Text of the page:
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Comparison Between Percutaneous Transforaminal Endoscopic Discectomy and Fenestration in the Treatment of Degenerative Lumbar Spinal Stenosis

Yang Zhang, Hengjie Zhu, Zheng Zhou, Jixiang Wu, Yinming Sun, Xiang Shen, Chengcun Li

Department of Bone Surgery, Yangzhou Hongquan Hospital, Yangzhou, Jiangsu, China (mainland)

Med Sci Monit 2020; 26:e926631

DOI: 10.12659/MSM.926631

Available online: 2020-08-21

Published: 2020-10-09

BACKGROUND: This study aimed to investigate the therapeutic and prognostic effects of percutaneous transforaminal endoscopic decompression (PTED) for degenerative lumbar spinal stenosis (DLSS).
MATERIAL AND METHODS: One hundred eighty-eight patients with DLSS were randomly divided into the fenestration and the PTED group for decompression treatment. Operative time, incision length, amount of blood loss, length of hospitalization, and rates of complications in the 2 groups were compared. All patients underwent computed tomography (CT) scanning and magnetic resonance imaging (MRI) on the first postoperative day. All patients were assessed preoperatively and the treatment effects at 3, 6, and 12 months postoperatively were evaluated using visual analog scale (VAS), Japanese Orthopedic Association Score (JOA) and Oswestry Disability Index (ODI). The modified MacNab criteria were used to assess patient satisfaction 1 year after surgery at the last follow-up.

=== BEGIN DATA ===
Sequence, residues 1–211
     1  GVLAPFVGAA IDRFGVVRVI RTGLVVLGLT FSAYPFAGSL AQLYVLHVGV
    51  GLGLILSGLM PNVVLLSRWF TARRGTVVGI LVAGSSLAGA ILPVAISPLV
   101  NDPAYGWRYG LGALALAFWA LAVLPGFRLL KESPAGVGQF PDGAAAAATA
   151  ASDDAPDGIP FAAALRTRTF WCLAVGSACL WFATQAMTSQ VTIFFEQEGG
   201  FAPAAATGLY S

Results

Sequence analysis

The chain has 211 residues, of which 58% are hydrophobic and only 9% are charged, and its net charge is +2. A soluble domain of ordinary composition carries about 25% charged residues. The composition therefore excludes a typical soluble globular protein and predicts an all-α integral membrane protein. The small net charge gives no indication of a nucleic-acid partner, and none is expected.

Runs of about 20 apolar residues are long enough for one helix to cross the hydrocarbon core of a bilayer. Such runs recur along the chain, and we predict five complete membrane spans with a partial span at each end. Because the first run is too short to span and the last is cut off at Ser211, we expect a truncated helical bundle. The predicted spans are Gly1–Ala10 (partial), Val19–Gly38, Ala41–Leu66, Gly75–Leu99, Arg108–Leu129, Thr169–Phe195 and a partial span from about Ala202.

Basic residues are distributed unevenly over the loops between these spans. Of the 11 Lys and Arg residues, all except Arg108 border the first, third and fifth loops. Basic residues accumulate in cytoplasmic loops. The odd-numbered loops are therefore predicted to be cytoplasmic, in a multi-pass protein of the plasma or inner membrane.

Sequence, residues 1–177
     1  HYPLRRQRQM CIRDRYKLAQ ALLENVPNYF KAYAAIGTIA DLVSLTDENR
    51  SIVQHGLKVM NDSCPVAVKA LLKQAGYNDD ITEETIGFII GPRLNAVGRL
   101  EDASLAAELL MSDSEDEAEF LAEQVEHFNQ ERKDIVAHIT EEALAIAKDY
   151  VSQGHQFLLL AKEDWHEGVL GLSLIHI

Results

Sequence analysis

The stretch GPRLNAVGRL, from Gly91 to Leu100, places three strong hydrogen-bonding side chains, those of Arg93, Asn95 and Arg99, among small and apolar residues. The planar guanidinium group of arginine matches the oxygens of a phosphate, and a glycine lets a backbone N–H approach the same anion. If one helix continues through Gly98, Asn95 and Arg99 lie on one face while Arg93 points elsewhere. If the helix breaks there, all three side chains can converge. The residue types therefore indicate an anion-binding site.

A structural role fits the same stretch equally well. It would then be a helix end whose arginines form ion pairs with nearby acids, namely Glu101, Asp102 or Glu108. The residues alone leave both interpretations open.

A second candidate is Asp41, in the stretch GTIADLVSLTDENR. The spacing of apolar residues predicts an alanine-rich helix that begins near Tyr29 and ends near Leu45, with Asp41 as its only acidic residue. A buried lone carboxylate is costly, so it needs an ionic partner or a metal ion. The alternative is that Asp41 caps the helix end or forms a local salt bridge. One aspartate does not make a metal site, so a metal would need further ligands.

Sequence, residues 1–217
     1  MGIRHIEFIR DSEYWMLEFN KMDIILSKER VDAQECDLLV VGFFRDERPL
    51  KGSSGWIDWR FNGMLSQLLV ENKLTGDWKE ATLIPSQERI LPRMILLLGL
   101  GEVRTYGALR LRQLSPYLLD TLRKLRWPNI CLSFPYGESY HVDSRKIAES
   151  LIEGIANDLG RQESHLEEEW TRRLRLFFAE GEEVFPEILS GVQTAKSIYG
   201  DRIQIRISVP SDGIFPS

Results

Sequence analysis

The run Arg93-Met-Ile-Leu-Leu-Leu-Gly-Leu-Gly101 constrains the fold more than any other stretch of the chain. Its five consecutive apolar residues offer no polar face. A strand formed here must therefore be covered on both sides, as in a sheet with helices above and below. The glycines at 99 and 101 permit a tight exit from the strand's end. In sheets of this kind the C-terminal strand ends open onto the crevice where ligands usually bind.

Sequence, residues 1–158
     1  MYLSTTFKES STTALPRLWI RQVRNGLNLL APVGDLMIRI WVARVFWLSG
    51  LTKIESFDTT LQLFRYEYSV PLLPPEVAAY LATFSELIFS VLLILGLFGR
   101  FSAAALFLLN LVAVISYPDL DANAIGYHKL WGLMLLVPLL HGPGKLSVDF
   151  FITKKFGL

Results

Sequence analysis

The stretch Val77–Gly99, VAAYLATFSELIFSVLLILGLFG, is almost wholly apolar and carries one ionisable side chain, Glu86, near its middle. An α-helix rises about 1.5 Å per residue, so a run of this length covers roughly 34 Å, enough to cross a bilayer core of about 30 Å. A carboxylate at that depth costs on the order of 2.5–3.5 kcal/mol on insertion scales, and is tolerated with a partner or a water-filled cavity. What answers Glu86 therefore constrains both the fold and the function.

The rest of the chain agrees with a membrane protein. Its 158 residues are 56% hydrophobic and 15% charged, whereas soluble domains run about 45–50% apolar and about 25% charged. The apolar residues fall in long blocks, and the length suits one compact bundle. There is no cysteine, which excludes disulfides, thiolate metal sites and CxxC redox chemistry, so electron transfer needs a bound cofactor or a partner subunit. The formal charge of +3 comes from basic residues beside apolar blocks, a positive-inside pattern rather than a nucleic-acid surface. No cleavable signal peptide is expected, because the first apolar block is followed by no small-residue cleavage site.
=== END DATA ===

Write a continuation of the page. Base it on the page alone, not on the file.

RESULTS: Patients who underwent PTED had shorter incisions, less blood loss, and shorter hospital stays than those in the fenestration group, but operative times and complication rates were similar in the 2 groups. Moreover, CT scanning and MRI revealed similar treatment effects in the 2 groups. Compared with preoperative status, improvements in VAS, ODI, and JOA scores occurred at different times after surgery in the 2 groups. In particular, all 3 scores in the PTED group were higher than those in the fenestration group at 3 and 6 months postoperatively. There were no significant differences in MacNab scores between the 2 groups.
CONCLUSIONS: PTED is safer and more effective than traditional fenestration for management of DLSS.

Keywords: Fenestration, Labyrinth, Prognosis, Treatment Outcome